P.S. - I think Mr. Mooney is a great talent who is worthy of our consideration. Given how young he is, he's in a post-grad program now, I hope in the future he is more respectful of his audience by putting more effort into future books by providing more substantial content. I also hope he takes his critics' advice regarding there being a place at the table for the new atheists; especially given Science's emerging efforts into better understanding the brain and behavioral memes within populations originating in ancestors beyond hominids. These relatively new fields will greatly increase science's treading into areas recently reserved only for religion, so we need to have the dialogue that people like Sam Harris and Richard Dawkins have put on the table, not hide them from view, otherwise the distance between science and the public will only increase.
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Showing 1-10 of 11 posts in this discussion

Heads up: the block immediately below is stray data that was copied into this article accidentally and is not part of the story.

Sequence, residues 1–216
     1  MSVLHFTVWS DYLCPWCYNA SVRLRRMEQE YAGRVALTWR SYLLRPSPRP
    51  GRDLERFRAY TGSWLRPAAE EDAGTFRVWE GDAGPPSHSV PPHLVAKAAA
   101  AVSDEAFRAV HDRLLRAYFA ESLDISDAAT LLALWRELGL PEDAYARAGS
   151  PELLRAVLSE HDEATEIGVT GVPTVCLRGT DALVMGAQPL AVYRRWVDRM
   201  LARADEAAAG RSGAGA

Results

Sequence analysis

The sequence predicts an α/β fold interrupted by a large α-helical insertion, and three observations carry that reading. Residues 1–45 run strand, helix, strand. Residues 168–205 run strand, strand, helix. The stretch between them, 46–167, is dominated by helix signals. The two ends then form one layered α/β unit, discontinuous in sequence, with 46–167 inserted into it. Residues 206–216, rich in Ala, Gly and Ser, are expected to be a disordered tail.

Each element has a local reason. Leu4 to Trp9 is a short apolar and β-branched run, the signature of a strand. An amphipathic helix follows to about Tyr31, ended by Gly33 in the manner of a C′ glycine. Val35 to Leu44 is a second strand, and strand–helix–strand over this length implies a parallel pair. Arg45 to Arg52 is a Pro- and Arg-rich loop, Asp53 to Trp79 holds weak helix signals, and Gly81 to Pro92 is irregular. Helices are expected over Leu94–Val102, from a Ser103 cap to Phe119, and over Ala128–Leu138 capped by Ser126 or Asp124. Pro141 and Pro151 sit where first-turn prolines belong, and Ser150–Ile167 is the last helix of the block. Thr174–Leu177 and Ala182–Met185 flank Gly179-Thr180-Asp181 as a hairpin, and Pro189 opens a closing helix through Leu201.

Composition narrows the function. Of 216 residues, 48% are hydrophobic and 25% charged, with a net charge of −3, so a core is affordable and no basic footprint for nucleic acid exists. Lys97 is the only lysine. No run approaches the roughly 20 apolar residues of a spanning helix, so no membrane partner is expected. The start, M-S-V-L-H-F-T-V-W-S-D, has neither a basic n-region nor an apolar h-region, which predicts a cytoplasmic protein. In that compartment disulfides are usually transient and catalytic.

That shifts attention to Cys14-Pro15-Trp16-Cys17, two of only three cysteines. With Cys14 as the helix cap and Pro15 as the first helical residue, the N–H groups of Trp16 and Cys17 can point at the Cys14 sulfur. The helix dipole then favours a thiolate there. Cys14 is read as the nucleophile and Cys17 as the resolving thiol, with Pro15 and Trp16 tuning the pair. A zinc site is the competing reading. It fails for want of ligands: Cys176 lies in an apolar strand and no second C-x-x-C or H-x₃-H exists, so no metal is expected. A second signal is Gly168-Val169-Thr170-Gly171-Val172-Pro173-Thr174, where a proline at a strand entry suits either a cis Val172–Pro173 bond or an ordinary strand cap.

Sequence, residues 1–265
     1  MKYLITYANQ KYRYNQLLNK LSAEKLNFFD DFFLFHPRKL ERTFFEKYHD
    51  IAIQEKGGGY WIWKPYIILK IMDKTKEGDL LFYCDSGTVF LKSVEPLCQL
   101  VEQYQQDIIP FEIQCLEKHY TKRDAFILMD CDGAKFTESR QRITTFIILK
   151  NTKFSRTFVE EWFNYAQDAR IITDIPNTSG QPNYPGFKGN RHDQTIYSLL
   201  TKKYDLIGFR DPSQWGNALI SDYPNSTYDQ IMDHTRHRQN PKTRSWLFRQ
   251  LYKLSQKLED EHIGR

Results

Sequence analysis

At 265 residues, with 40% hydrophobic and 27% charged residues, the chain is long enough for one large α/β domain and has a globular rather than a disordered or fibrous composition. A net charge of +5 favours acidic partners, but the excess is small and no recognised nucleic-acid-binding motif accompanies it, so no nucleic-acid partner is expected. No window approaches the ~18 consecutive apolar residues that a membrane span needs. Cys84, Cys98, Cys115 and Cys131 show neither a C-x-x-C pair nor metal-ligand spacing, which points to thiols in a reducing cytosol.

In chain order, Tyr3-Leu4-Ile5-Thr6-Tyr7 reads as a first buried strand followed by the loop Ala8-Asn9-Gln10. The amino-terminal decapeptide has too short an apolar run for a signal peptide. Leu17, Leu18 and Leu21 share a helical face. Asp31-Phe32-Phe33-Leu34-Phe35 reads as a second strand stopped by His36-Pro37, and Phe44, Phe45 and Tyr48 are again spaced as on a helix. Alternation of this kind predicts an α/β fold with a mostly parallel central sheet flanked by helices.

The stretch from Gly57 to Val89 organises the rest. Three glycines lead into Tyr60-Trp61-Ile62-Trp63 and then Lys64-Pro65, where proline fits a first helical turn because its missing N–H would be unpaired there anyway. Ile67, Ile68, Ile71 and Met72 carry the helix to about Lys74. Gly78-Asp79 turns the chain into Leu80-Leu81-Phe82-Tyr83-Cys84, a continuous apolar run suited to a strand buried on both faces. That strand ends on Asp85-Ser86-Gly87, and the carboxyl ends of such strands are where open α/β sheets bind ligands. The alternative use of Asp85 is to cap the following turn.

Initial post: Aug 11, 2009 8:57:34 AM PDT
T. Fisher says:
In reply to an earlier post on Aug 11, 2009 9:53:55 AM PDT
Last edited by the author on Aug 11, 2009 10:13:26 AM PDT
Piltdown Man was a defect in English gentrymen trying to one-up the Germans. In addition the claims for Piltdown Man were never peer-accepted, the Royal College of Surgeons immediately disputed the claims. The first actual scientist to get his hands on the evidence quickly concluded this was a fraud, i.e., a scientist did what scientists do, they falsify.